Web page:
Tom Mills is a policy advocate for Creative Energies Solar in Salt Lake City.

Source: www.deseret.com

Author: Tom Mills


How to Navigate This Week's Market Volatility

How to Navigate This Week’s Market Volatility

As we discussed in last week’s update, the market’s fear index — the VIX (INDEXCBOE:VIX) — is at an important inflection point. In our view, the most likely outcome is sideways trading, which is where our outlook continues to be focused on the short term.

a yellow warning sign that says "volatility ahead"

Volatility since last Wednesday has been high, but there haven’t been any significant support levels broken and the underlying fundamentals remain stable.

Part of the reason we continue to feel confident is based on the reaction to the Federal Reserve Chair Jerome Powell’s comments to Congress on Tuesday. Although full of dire warnings, Powell’s statement is being interpreted as putting pressure on lawmakers to get another big round of stimulus passed. Whether that comes to fruition or not is uncertain, but investors see that as a positive.

Because we are in between earnings reporting seasons and there isn’t a lot of additional economic data due this week, investors will likely continue to push stock prices back and forth in a fairly wide range. This is a good time to evaluate intra- and intermarket data to see if we can detect any signs of positive (or negative) momentum.

We can’t let a weekly update go by without taking a look at the tech sector, which has been one of our favorites this year. The selling earlier this week was largely focused on tech, including Apple (NASDAQ:AAPL) and Microsoft (NASDAQ:MSFT), which makes sense when valuations are considered.

While it is true that tech is a little overvalued, the proportion of profits from that sector, compared to the S&P 500 as a whole, helps justify those values. In fact, tech has the largest positive difference between its profit margins and the average profit margin in the S&P 500 — 19.2% vs. 10.8%, respectively — which is a metric we monitor for signs of weakness.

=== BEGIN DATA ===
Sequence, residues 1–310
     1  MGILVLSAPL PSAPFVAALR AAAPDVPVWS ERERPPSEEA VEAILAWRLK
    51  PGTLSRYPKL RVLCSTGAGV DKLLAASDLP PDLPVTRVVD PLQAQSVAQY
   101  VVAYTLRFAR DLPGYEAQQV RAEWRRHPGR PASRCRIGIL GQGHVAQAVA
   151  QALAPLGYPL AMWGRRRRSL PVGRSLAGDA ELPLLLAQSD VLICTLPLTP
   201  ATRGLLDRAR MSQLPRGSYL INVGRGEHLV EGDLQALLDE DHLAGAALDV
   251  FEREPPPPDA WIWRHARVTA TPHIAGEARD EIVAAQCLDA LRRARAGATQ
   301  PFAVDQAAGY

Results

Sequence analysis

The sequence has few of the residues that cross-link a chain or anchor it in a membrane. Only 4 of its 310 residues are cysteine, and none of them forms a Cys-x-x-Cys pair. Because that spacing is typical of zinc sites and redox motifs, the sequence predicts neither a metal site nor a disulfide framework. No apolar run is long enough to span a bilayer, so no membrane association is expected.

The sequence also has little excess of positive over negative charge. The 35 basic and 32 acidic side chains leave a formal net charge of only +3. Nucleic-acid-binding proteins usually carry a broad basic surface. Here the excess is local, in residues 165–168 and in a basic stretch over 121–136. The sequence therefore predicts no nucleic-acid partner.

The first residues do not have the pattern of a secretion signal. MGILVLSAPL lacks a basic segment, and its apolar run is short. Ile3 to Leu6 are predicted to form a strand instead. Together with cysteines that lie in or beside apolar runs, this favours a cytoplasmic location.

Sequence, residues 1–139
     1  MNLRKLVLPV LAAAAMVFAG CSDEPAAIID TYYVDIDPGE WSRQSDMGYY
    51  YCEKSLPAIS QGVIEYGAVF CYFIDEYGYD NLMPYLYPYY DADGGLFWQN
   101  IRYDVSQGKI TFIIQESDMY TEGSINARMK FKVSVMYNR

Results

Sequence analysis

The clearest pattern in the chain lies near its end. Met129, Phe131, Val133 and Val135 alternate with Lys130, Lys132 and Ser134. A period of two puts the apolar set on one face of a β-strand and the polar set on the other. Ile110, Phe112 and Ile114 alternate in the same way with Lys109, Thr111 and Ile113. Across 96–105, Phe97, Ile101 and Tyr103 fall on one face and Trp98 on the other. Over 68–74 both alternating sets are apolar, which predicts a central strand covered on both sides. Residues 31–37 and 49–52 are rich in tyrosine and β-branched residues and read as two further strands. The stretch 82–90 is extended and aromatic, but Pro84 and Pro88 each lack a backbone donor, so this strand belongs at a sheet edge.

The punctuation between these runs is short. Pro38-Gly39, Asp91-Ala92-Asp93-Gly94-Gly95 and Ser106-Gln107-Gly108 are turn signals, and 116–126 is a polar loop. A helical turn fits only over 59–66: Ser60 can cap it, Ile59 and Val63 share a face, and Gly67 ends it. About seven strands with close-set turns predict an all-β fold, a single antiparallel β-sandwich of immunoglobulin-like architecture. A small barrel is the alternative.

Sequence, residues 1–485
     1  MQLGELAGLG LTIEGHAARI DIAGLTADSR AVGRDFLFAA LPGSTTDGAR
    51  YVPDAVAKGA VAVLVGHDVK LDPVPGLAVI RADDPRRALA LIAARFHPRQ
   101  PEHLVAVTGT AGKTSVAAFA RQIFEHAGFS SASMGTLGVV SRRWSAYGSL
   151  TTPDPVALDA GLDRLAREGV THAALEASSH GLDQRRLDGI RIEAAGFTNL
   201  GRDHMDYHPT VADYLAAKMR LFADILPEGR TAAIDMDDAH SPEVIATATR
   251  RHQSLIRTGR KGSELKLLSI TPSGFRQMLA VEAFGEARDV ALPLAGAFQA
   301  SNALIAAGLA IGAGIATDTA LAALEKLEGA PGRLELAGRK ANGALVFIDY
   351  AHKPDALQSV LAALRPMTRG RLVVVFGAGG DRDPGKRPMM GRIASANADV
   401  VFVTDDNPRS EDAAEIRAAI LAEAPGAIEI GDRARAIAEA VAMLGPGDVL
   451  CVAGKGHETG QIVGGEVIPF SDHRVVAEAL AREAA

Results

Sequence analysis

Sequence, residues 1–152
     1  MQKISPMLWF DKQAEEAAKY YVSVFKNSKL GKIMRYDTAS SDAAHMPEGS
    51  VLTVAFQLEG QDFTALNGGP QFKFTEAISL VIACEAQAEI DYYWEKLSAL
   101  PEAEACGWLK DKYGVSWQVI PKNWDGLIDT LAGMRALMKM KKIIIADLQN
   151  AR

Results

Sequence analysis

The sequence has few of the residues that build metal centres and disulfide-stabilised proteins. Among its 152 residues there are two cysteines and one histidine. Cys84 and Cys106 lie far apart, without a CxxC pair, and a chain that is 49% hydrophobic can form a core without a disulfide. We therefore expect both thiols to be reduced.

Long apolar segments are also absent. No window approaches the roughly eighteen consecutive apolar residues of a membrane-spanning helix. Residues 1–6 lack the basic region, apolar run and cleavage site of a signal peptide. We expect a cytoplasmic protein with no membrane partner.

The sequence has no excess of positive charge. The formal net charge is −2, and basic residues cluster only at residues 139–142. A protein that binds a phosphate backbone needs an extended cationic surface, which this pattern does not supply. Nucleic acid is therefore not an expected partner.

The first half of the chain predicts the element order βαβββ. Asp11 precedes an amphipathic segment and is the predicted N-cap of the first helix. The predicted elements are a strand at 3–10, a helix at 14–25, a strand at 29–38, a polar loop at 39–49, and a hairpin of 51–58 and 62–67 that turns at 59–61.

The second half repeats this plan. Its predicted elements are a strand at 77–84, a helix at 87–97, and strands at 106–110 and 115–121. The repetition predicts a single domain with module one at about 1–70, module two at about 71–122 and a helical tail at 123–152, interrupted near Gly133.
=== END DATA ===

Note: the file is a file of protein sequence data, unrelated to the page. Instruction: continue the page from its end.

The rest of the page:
As we have mentioned many times in the past, transportation stocks are an important confirming indicator for the market. If transports are hitting new highs, we see that as a sign of strength for the major indexes.

As you can see in the following chart, although transports have pulled back this week, the Dow Jones Transportation Average has broken resistance and new highs, which should be seen as confirmation that retail and business spending is still relatively stable.

Daily Chart of the Dow Jones Transportation Average (DTX)

Although it is good to see the sector performing so well, we have to temper our enthusiasm a little because of the amount the index is influenced by United Parcel Service (NYSE:UPS) and FedEx (NYSE:FDX), which make up a large portion of the gains for the group.

We have to assume that demand for this kind of shipping could shift very quickly if consumer incomes (or unemployment benefits) drop.

As a rule, investors look at small-cap stocks (companies worth less than $2 billion) in a similar way to transportation stocks. If small caps are gaining (and even outperforming) on large caps (stocks worth more than $10 billion), then it is solid confirmation of bullish momentum because small stocks are riskier so investors must be more confident.

This has been a weak spot for the market over the last several weeks. As you can see in the following chart, not only have small caps — as represented by the iShares Russell 2000 ETF (NYSEARCA:IWM) — been underperforming, but as of Tuesday’s close, they are trading under June’s highs.

Daily Chart of iShares Russell 2000 Versus the Rydex Equal-Weight S&P 500 Index

The underperformance of small caps can be partially explained by the concentration of the biggest and most profitable tech stocks in the large-cap indexes. If we neutralize stocks like AAPL and MSFT with an equal-weight version of the S&P 500 then the comparison starts to look a bit more normal. In the chart, we have used the Rydex Equal-Weight S&P 500 ETF (NYSEARCA:RSP) with the IWM ETF to make this comparison.